Date of Award


Degree Type


Degree Name

Doctor of Philosophy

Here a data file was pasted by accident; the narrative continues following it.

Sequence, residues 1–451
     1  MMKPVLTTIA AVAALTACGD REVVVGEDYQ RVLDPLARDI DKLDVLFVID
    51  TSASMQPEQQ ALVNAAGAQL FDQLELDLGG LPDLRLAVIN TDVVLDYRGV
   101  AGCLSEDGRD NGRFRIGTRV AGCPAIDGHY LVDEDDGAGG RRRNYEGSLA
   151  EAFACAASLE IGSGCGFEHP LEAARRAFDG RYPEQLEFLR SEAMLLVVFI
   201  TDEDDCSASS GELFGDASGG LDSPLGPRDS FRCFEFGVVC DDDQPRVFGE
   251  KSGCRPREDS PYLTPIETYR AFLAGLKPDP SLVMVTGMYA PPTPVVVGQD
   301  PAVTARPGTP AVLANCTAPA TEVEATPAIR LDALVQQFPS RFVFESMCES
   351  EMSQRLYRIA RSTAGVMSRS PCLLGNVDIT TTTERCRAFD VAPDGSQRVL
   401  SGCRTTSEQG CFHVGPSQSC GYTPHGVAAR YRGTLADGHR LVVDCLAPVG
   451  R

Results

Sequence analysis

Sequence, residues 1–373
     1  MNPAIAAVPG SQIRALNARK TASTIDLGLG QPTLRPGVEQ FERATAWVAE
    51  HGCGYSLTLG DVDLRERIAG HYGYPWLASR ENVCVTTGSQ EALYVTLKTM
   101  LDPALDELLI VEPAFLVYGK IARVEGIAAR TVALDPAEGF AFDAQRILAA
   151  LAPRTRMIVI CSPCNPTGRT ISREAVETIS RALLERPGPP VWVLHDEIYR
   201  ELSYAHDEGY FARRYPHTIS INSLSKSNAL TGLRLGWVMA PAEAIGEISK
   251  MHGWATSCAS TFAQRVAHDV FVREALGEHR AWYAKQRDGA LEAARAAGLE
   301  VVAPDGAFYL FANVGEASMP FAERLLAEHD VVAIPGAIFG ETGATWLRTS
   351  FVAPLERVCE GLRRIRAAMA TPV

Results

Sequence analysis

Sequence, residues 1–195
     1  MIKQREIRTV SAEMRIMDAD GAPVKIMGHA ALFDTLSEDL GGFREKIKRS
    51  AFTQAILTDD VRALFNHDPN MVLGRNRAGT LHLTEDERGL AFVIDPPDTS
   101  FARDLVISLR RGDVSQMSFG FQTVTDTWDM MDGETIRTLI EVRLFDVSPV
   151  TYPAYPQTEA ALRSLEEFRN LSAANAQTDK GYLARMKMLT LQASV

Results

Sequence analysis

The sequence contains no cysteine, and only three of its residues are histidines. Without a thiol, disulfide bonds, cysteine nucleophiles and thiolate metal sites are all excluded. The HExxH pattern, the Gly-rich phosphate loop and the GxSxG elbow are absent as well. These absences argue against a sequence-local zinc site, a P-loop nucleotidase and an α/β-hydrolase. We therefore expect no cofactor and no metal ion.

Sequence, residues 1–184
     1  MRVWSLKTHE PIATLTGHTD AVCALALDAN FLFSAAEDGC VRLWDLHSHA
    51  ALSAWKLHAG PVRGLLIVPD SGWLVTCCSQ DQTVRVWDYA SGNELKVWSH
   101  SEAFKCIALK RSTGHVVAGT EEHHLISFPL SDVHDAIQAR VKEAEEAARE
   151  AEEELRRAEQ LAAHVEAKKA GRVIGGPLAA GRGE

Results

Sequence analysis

The present study was intended to be a methodologically sound test of the efficacy of three stress management interventions for the purpose of prevention. The long-term impact of several comprehensive stress management interventions was compared on the aspects of coping ability being targetted by the programs, stress, and the adverse effects of stress. Subjects were asymptomatic male business managers and supervisors. Effects of stress were measured by multiple outcomes including psychological and physical health, and work-related variables. Two intensive training programs, cognitive-behavioural coping skills training, and aerobic-exercise and fitness training, and a practically oriented brief-intervention educational program were compared. Methodological problems of past research were addressed, including systematically choosing the comprehensive list of measures and the interventions on the basis of an understanding of the process of stress, and evaluating the maintenance of effects over a one-year period after the interventions. The findings of a single repeated-measures statistical test demonstrated an ameliorative effect after the treatment period for all three interventions on coping skills, cognitive behavioural coping efficacy, subjective stress, quality of life, and an index of physical health. The effects were maintained with coping skills both six months and one year later, and with the physical health measure one year later. The mechanism of the effects over time cannot be stated definitively, although it seems reasonable to suggest that the observed impact resulted from some common component of the treatment interventions, such as the information in the educational package, or the therapeutic expectation of change. Other possibilities are discussed. It seems that 10 weeks of training in these stress management techniques did not give any additional benefit to a two-hour comprehensive and practically oriented educational program. On the basis of the present results, as well as past evaluative research and the ultimate goal of primary prevention to reach the largest numbers of people possible, it is difficult to argue for the use of intensive stress management training with asymptomatic subjects. It seems that low intensive, low cost, and thus more accessible programs, such as the educational intervention in the present study, may be more appropriate for the purpose of primary prevention.



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